Slender Man stabbing concerns media researchers and the effect media has on children
MADISON (WKOW)-- The story of two 12-year-old girls in Waukesha Wisconsin brutally stabbing their friend captured the attention of viewers around the world. Academic researchers are also fascinated and terrified by this extreme case of media messages inspiring children to brutally attack another person.
"This is an extreme example, but it's something that really makes people stop and think," UW-Madison professor Heather Kirkorian says.
Most of Kirkorian's research focuses on how children perceive the messages they see on TV and on the internet. She works in UW-Madison's Department of Human Development and Family Studies.
"Being aware of what kids are doing is really important and that in itself can prevent a lot of problems that kids have," Kirkorian says.
Adults may view scary stories like the one about Slender Man as harmless tales, but sometimes they can lead to an unhealthy obsession in children and teens. Together with new forms of technology providing around-the-clock access to information, the obsession can quickly get out of hand.
"They'll stay up all night just waiting for the new stuff to come in and that's not only bad for the addiction, it's certainly terrible for health," UW-Madison researcher Joanne Cantor says.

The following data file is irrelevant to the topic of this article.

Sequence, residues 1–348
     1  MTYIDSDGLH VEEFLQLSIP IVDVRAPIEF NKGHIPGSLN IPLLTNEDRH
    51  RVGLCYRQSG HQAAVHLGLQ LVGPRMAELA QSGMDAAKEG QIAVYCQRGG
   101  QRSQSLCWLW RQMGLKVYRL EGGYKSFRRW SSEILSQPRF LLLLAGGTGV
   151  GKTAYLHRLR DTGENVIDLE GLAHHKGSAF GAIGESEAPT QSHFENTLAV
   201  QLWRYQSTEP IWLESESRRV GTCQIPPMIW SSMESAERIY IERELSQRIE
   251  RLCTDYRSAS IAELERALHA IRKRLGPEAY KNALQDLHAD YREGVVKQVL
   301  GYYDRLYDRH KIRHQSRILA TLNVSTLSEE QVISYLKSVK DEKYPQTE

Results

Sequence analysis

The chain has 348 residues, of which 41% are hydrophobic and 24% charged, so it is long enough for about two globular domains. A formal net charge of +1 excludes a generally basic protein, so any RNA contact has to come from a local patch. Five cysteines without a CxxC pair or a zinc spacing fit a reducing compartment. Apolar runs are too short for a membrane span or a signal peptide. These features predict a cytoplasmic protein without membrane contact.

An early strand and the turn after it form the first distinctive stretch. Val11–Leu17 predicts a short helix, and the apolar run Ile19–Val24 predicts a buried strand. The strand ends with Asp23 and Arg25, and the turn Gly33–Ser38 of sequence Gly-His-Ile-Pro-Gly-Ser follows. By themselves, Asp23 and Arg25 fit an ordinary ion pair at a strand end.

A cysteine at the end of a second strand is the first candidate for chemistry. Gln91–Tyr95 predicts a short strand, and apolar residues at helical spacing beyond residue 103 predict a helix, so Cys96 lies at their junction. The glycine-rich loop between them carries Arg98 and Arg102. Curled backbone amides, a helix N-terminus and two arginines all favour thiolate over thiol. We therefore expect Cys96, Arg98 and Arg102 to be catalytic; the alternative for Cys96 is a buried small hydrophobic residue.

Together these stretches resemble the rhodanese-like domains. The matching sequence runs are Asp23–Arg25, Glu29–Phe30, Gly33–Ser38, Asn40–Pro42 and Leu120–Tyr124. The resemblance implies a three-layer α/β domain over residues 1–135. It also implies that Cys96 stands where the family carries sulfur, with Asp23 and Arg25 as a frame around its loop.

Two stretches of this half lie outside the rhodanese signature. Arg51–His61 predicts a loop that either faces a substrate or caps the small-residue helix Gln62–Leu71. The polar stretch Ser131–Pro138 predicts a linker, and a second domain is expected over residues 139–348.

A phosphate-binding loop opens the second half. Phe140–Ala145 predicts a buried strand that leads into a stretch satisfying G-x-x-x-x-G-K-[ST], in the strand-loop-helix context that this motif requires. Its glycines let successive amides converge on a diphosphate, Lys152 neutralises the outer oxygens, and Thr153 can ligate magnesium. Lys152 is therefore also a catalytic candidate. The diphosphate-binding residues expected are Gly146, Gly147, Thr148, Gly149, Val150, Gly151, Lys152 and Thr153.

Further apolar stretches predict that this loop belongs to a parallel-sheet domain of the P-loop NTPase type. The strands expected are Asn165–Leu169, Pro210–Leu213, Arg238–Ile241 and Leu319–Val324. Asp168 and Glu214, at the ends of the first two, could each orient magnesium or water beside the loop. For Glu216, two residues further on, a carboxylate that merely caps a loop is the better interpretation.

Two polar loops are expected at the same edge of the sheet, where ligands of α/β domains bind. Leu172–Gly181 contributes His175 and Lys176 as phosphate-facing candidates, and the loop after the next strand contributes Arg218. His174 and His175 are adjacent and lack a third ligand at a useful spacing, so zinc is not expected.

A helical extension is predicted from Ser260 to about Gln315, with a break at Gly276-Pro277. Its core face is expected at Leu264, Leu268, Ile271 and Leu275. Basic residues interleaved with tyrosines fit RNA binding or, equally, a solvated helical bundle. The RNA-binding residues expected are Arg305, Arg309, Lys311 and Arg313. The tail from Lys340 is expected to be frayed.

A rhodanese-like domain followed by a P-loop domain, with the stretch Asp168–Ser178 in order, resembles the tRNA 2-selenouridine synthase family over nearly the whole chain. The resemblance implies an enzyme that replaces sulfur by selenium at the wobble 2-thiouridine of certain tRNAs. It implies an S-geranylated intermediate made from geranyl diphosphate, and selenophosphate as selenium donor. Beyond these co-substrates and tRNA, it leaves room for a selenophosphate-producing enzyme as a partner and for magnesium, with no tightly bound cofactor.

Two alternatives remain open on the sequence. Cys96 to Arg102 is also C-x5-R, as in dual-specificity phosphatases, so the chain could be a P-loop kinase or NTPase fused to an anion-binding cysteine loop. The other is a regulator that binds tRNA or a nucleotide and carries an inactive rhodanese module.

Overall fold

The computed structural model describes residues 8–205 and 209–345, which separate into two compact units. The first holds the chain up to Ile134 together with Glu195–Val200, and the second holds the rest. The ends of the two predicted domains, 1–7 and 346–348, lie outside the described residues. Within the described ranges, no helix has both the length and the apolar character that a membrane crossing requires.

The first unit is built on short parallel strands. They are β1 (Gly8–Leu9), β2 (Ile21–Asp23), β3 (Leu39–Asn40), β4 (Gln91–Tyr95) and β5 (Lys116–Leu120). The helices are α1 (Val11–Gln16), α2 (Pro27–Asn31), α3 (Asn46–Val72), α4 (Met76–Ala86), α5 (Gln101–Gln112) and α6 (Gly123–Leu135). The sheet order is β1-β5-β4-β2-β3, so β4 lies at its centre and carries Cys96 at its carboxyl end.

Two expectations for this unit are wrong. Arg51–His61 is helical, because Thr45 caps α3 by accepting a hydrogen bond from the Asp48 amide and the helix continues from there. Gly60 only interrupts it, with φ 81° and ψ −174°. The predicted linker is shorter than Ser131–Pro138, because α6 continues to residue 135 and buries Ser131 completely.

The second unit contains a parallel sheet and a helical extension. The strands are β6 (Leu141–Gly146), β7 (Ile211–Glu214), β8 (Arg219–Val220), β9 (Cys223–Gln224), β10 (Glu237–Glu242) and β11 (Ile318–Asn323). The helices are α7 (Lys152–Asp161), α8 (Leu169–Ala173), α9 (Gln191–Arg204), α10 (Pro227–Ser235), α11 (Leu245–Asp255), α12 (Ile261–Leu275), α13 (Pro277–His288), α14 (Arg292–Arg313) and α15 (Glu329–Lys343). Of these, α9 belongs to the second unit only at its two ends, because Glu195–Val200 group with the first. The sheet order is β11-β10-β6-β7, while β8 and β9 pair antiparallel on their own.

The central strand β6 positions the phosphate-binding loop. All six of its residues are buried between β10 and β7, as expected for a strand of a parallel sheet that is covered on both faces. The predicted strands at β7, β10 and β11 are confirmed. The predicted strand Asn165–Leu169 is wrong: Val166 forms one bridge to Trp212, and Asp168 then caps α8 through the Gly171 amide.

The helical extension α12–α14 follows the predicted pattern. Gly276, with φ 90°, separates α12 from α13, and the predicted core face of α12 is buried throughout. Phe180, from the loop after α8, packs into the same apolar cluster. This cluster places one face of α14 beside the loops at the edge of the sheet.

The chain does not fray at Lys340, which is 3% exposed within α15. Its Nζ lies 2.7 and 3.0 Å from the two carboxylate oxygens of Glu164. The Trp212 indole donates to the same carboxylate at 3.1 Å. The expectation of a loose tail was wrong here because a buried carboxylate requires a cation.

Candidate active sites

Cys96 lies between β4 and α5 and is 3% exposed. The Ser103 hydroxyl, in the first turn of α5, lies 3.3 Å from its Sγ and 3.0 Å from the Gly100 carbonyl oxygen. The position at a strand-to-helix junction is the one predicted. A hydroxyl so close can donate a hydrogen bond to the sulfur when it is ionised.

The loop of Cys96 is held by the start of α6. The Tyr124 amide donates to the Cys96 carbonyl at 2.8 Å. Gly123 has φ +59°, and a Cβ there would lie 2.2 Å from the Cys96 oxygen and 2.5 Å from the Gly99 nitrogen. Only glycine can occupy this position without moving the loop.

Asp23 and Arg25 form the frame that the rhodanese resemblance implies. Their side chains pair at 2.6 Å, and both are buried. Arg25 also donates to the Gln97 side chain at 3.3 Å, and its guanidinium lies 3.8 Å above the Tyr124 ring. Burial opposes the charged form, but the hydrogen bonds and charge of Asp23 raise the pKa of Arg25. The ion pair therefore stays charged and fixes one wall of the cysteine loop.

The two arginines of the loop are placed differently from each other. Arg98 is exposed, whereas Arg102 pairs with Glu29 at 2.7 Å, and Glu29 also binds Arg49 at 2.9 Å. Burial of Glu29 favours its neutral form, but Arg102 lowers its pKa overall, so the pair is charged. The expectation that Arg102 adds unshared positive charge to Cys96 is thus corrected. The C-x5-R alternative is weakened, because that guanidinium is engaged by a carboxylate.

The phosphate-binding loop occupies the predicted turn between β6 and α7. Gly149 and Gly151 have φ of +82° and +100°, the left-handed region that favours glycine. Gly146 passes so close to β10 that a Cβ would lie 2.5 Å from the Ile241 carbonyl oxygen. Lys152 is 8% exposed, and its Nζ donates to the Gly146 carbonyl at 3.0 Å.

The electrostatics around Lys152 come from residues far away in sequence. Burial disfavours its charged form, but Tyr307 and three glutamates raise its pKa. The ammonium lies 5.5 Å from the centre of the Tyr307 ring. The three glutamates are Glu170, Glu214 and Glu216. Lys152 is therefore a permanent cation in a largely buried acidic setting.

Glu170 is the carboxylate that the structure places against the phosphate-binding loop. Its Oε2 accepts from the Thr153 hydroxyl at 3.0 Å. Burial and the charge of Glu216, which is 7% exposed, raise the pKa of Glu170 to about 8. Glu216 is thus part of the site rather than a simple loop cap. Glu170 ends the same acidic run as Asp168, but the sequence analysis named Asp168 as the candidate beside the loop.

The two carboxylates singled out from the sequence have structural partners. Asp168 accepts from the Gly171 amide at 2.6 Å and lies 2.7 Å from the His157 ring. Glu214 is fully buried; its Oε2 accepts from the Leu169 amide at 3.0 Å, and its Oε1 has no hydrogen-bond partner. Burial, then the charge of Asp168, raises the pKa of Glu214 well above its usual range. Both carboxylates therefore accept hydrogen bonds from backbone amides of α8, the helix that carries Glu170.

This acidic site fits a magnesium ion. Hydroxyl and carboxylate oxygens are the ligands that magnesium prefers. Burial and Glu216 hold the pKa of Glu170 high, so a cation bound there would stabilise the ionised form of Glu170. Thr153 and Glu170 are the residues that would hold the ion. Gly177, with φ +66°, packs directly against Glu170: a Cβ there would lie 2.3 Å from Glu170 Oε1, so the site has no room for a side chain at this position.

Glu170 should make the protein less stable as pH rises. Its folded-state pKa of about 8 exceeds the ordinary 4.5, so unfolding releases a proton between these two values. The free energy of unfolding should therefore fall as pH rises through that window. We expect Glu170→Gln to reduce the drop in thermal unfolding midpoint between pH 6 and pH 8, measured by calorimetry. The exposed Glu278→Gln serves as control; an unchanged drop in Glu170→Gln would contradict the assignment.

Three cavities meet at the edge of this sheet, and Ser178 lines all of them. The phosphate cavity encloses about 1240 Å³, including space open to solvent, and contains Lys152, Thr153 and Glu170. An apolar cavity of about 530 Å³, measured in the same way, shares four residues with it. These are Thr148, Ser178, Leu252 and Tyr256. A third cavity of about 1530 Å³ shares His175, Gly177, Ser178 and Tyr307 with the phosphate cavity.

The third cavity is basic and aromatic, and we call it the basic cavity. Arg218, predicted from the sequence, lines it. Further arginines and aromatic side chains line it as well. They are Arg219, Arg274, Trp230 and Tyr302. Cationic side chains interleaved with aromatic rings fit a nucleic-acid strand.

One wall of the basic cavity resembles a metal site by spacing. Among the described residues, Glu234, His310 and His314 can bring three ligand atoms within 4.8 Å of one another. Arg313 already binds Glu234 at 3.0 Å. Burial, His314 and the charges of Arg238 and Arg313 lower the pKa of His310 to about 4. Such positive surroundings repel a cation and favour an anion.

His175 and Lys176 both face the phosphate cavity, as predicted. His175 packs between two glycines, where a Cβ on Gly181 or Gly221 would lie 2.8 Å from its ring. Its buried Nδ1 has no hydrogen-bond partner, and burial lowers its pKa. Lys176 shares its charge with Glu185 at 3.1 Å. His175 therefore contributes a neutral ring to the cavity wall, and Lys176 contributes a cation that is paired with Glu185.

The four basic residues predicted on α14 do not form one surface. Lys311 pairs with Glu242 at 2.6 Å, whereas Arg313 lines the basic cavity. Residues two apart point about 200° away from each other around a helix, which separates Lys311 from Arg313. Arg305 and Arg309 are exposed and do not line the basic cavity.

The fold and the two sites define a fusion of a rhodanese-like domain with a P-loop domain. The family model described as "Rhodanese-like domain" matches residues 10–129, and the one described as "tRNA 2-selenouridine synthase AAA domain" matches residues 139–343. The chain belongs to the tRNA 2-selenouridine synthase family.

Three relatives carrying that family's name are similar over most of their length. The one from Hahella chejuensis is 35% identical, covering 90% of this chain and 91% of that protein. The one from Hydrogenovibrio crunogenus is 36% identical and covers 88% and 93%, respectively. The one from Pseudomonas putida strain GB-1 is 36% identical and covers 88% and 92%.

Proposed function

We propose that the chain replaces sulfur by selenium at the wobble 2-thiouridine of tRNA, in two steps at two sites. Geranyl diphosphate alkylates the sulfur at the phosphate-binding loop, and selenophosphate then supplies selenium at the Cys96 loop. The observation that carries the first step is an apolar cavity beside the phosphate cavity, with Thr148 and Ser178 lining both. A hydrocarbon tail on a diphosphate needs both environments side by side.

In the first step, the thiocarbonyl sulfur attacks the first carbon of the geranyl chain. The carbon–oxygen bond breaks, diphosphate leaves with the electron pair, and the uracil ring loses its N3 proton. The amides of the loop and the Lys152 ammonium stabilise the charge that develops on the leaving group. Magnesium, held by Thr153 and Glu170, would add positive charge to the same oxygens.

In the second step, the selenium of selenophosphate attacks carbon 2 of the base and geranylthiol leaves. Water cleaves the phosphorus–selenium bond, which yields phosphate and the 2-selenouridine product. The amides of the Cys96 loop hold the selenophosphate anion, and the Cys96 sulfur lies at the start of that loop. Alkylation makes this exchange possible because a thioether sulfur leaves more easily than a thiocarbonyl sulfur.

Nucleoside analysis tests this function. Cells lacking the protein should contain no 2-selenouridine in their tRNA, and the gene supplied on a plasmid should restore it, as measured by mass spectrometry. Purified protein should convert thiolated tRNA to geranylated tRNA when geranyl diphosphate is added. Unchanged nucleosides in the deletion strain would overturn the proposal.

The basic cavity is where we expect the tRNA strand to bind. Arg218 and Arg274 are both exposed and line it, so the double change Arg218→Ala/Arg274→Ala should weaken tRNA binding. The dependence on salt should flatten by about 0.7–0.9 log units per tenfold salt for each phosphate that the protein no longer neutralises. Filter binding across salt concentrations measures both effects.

Cantor literally wrote the book on media effects on children. She has spent the past 40 years researching the topic. She suggests simple conversations with your child every few days about the media they consume. She says many other factors led to this recent attack in Waukesha and people shouldn't overreact and shun all media. Parents simply need to be aware of the types of messages they're children are viewing.
Kirkorian agrees saying the line between fantasy and reality can often become blurry for children. This phenomenon is most commonly seen in children aged three to five and is rarely seen in pre-teens or adolescents. That makes the "Slender Man" stabbing an extreme example, but one that still points to the problem.
"This particular example is very extreme with children actually inflicting harm to someone else. Often times what we would see is someone engaging in more defensive behavior. They might avoid certain situations because they're afraid. Parents should be mindful of this," Kirkorian says.
Experts suggest removing handheld devices from a child's room at bedtime. This helps prevent addiction and loss of sleep. They also suggest limiting access to interactive games that immerse a child in a fictional world.
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